When permeabilized cell membranes were incubated with APs prelabeled with [32P]ATP, there was a time-dependent decline in radioactivity that was prevented by microcystin (Fig. 2 e, bottom). This suggests that phosphate turnover was occurring on the μ2 subunit. When this experiment was repeated with APs prelabeled with cold ATP, there was an initial decline in phospho-μ2 immunoreactivity followed by an increase (Fig. 2 e, compare 0 to 5 min). However, the level of phospho-μ2 immunoreactivity after 30 min in the absence of microcystin was less than in its presence for the same time period (Fig. 2 e, middle). This strongly suggests that the level of phospho-μ2 is determined by the net activities of both kinase and phosphatases.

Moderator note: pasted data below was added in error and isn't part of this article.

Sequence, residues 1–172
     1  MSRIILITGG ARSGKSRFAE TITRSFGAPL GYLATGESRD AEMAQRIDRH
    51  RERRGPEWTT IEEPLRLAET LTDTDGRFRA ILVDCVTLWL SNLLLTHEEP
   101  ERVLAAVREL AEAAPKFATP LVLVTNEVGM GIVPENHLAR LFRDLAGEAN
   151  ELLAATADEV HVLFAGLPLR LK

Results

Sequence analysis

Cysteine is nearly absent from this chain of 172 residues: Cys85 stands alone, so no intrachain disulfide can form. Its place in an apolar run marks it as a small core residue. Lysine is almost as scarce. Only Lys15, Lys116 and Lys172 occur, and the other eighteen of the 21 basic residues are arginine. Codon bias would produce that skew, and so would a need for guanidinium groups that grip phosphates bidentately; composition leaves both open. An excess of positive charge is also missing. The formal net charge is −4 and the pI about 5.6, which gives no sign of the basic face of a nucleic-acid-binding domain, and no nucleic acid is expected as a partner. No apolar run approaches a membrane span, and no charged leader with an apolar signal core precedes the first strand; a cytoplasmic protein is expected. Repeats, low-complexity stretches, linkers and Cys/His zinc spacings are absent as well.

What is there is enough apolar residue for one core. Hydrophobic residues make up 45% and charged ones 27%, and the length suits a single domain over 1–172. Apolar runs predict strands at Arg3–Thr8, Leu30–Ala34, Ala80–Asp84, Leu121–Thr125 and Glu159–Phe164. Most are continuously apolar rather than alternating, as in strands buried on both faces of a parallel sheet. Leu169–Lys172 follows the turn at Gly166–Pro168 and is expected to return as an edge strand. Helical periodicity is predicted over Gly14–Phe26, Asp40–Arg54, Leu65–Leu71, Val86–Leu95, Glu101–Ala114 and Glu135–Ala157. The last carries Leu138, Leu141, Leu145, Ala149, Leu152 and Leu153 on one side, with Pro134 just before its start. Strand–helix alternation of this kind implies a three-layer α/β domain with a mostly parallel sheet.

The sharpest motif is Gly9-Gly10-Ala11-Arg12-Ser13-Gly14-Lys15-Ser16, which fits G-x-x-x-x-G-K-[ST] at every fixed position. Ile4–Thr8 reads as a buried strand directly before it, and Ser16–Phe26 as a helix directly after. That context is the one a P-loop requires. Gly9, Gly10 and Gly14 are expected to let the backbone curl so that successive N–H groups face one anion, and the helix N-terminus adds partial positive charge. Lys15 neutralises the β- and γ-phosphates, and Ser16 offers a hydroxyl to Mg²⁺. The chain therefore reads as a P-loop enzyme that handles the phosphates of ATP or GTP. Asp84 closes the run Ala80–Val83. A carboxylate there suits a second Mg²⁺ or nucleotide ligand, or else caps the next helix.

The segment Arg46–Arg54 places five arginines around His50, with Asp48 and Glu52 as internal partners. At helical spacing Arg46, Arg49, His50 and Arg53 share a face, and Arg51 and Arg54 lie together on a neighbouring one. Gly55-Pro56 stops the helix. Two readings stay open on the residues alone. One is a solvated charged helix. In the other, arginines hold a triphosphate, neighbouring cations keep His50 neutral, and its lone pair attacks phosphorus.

To investigate the connection between clathrin and μ2 phosphorylation in vivo, we examined the level of phospho-Thr156 μ2 in the chicken DT40 B cell line DKO-R. In this cell line, both endogenous alleles of clathrin heavy chain have been inactivated by homologous recombination and replaced with clathrin under the control of a tetracycline-responsive repressor (Wettey et al., 2002). From EST database searches (http://chick.umist.ac.uk), we confirmed that the amino acid sequence of chicken μ2 is 98% identical to the mammalian protein, and shows perfect conservation in the region surrounding Thr156 (unpublished data). We analyzed the distribution of phosphorylated μ2 in assembled and unassembled pools of clathrin prepared from DKO-R cells under clathrin-expressing conditions. Most of the clathrin was found in the assembled fraction (Fig. 3 a), consistent with the high endocytic capacity of the DKO-R cell line (Wettey et al., 2002). Immunoblotting of μ2 showed that the AP2 complex distributed more equally between the assembled and unassembled fractions. However, almost all the phospho-Thr156 μ2 was found in the assembled fraction, indicating that μ2 phosphorylation occurs primarily when AP2 is associated with the assembled pool of clathrin. In DKO-R cells treated with doxycycline for 96 h, clathrin expression was undetectable by immunoblotting (Fig. 3 b). Using a more sensitive clathrin triskelion ELISA (Cheetham et al., 1996), residual expression corresponding to ∼0.5% of the unrepressed level was detected under these conditions (unpublished data). As judged by immunoblotting, clathrin depletion did not affect the level of μ2 (Fig. 3 b) or, in separate experiments, α- and β-adaptin (unpublished data). However, the level of μ2 phosphorylation was strikingly reduced by clathrin removal (Fig. 3 b).